280 pp., 6.125 x 9.25, 6 halftones, 1 tables, notes, bibl., index
Paperback ISBN: 978-1-4696-3606-1
Published: August 2017
Hardcover ISBN: 978-1-4696-2512-6
Published: October 2015
eBook ISBN: 978-1-4696-2513-3
Published: August 2015
Paperback Available August 2017, but pre-order your copy today!
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Environmental historians have too often overlooked California and Hawai'i, despite the roles the regions played in the colonial ranching frontiers of the Pacific World. In Cattle Colonialism, John Ryan Fischer significantly enlarges the scope of the American West by examining the trans-Pacific transformations these animals wrought on local landscapes and native economies.
About the Author
John Ryan Fischer is visiting assistant professor of history at the University of Wisconsin-River Falls.
For more information about John Ryan Fischer, visit the Author Page.
“[A] carefully researched book. . . . An information-packed resource.”--Choice
"Cattle Colonialism will certainly influence the next generation of scholars interested in more carefully delineating the intersection of ecological forces and local human actions, both of which shape our increasingly globalized history. As Fischer argues, it is not an 'either/or' narrative. Rather, the best environmental histories are 'both.' This is one of them."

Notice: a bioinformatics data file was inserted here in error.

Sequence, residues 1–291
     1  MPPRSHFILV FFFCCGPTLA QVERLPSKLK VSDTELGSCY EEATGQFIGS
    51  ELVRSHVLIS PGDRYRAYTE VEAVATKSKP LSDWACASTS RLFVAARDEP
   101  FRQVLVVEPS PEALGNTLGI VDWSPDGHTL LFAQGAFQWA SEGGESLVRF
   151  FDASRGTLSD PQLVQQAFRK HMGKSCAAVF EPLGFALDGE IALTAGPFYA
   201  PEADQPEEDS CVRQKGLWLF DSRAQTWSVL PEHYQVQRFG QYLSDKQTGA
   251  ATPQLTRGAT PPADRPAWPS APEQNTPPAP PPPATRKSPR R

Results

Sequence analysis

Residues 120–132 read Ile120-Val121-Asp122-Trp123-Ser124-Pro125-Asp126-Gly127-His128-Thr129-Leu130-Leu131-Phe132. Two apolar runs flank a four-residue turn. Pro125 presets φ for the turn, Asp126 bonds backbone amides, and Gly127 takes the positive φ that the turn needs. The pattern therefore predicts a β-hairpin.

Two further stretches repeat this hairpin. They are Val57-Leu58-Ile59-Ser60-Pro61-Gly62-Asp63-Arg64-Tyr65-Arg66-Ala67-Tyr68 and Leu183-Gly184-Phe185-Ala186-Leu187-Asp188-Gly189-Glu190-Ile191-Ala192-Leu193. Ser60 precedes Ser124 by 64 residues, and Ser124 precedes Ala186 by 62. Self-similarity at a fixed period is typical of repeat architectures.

--American Historical Review
“A sophisticated and complex study marked by a solid exposition.”--Journal of Pacific History
“Well-researched, well-written, and extremely readable. . . . Will appeal to those who teach environmental, social, western, agricultural, and American history, as well as anyone who enjoys a book that ties together so many unrelated items in a seamless and apparently effortless manner.”--Southwestern Historical Quarterly
“Aficionados of western history will be drawn to Fischer’s stories of indigenous cowboys as well as his discussion of the hide and tallow trade.”--Western Historical Quarterly
“Breaks new ground. . . . Breath[es] life into the histories of Indigenous craftspeople that underpinned the cattle economy.”--American Historical Review
Multimedia & Links
Follow the author on Twitter @RyanFischer1050.